Over the past decade, the search for volatiles within the Moon and on the surface of the Moon has intensified. Those volatiles may hold clues about the material that accreted to form the Earth and Moon and, thus, our planetary origins. The volatiles may also provide the in-situ resources needed for sustained lunar surface activities that may follow the development of NASA’s new Orion crew vehicle and a Gateway structure that may orbit the Moon. In addition, robotic assets, like NASA’s Resource Prospector, are being developed to explore the nature and distribution of volatile deposits that might be suitable for scientific analysis and recovery. Based on the new results of Needham and Kring, those assets may be recovering ice that is partially composed of volatiles erupted from volcanic fissures over 3 billion years ago.
Reference: “Lunar Volcanism Produced a Transient Atmosphere Around the Ancient Moon,” Debra H. Needham & David A. Kring, 2017 Nov. 15, Earth and Planetary Science Letters [https://doi.org/10.1016/j.epsl.2017.09.002]. The new research was initiated from the LPI-Johnson Space Center’s (JSC) Center for Lunar Science and Exploration, led by Kring and supported by NASA’s Solar System Exploration Research Virtual Institute. Needham is a former postdoctoral researcher at the LPI. The LPI is operated for NASA by Universities Space Research Association (USRA).
About USRA: Universities Space Research Association is an independent, nonprofit research corporation where the combined efforts of in-house talent and university-based expertise merge to advance space science and technology. USRA works across disciplines including biomedicine, planetary science, astrophysics, and engineering and integrates those competencies into applications ranging from fundamental research to facility management and operations. USRA engages the creativity and authoritative expertise of the research community to develop and deliver sophisticated, forward-looking solutions to Federal agencies and other government sponsors.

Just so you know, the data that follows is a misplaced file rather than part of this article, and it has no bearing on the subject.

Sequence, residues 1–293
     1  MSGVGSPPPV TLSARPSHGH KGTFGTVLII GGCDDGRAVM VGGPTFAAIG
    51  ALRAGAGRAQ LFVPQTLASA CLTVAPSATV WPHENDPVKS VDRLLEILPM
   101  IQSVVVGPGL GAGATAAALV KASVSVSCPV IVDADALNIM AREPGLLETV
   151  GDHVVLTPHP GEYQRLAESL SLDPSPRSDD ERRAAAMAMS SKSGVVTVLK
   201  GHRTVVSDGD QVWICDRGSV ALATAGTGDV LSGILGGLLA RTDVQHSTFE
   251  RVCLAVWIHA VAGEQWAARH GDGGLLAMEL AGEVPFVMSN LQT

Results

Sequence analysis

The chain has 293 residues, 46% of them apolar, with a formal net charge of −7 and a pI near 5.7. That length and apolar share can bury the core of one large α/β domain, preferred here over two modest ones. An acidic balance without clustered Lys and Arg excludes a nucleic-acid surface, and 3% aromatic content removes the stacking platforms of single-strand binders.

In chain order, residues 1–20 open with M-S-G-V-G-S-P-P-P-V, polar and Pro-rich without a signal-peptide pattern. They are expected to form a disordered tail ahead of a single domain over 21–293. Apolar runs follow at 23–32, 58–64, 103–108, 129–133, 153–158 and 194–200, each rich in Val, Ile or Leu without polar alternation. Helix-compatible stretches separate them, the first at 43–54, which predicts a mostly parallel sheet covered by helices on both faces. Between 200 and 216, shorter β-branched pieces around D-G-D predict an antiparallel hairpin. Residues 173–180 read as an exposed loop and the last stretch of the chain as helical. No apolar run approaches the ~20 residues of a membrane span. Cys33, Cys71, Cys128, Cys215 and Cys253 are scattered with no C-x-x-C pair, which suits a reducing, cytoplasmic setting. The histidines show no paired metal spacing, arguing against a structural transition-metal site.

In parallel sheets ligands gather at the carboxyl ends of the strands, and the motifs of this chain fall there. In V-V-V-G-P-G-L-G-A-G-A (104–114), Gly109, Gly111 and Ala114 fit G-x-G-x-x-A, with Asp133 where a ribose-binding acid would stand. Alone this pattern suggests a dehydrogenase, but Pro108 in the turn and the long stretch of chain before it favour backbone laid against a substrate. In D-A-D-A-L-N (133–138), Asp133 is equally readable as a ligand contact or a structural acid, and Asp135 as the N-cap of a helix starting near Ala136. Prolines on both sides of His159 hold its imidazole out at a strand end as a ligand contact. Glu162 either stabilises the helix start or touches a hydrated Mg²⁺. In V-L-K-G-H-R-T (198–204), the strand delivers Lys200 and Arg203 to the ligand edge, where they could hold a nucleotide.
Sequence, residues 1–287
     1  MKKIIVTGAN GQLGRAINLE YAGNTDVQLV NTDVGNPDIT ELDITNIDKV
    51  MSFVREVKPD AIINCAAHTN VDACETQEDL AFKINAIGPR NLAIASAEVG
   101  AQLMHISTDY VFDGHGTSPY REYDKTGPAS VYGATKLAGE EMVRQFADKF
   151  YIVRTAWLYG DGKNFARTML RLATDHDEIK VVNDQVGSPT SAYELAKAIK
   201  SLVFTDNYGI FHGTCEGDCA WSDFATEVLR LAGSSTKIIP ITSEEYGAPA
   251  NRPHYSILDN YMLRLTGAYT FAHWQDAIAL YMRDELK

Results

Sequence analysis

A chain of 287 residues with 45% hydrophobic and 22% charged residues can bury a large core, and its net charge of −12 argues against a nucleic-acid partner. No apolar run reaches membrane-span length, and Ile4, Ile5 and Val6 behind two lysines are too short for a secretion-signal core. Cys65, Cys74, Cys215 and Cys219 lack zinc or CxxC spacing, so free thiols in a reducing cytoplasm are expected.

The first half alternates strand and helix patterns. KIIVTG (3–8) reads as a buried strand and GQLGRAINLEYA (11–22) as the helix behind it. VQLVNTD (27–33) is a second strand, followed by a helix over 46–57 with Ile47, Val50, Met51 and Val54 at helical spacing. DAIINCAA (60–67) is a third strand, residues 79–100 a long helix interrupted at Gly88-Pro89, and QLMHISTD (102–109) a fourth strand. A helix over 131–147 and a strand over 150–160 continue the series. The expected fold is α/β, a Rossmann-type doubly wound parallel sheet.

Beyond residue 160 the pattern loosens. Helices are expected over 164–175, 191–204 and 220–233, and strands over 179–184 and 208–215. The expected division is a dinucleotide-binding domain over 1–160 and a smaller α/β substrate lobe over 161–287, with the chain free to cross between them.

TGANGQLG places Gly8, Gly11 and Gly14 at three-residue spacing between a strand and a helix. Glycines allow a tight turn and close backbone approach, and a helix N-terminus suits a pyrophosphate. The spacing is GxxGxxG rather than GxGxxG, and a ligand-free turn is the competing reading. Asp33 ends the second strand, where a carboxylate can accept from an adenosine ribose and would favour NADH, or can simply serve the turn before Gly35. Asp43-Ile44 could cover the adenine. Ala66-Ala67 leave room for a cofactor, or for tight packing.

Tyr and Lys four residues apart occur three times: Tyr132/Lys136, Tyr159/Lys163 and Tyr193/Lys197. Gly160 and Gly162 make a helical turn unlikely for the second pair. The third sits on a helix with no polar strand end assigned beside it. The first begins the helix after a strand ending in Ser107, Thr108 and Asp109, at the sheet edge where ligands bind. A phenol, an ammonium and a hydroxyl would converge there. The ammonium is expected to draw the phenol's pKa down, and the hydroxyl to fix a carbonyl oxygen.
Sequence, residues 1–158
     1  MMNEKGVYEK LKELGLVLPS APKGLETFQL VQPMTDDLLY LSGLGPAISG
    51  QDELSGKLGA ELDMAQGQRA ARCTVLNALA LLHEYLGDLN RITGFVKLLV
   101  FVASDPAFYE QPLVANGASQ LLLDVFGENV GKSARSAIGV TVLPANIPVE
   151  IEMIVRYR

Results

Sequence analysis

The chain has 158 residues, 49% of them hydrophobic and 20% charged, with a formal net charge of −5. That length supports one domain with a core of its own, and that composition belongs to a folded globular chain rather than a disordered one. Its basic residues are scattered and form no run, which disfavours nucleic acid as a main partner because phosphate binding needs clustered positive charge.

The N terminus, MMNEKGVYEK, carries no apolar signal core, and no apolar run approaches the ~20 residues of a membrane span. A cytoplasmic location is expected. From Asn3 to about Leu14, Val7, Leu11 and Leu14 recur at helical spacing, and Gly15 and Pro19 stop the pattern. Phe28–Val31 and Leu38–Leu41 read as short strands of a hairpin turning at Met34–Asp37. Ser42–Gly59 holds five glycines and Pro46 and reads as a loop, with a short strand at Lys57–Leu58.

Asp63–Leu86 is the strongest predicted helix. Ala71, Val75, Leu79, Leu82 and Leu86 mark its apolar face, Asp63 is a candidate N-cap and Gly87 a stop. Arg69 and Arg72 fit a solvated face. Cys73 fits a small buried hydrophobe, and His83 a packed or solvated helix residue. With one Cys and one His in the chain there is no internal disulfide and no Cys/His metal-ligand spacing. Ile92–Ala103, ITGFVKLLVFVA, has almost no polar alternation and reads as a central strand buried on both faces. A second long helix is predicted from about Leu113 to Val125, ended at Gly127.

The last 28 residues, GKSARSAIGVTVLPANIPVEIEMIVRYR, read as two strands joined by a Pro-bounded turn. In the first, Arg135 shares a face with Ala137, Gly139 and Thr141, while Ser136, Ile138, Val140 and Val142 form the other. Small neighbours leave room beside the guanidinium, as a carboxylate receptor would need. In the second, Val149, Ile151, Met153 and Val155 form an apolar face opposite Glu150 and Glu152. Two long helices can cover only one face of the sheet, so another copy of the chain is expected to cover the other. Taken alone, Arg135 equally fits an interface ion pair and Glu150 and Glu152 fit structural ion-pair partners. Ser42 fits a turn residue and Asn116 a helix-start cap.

About LPI: The Lunar and Planetary Institute (LPI), operated by Universities Space Research Association, was established during the Apollo missions to foster international collaboration and to serve as a repository for information gathered during the early years of the space program. Today, the LPI is an intellectual leader in lunar and planetary science. The Institute serves as a scientific forum attracting world-class visiting scientists, postdoctoral fellows, students, and resident experts; supports and serves the research community through newsletters, meetings, and other activities; collects and disseminates planetary data while facilitating the community’s access to NASA science; and engages and excites, and educates the public about space science and invests in the development of future generations of explorers. The research carried out at the LPI supports NASA’s efforts to explore the solar system.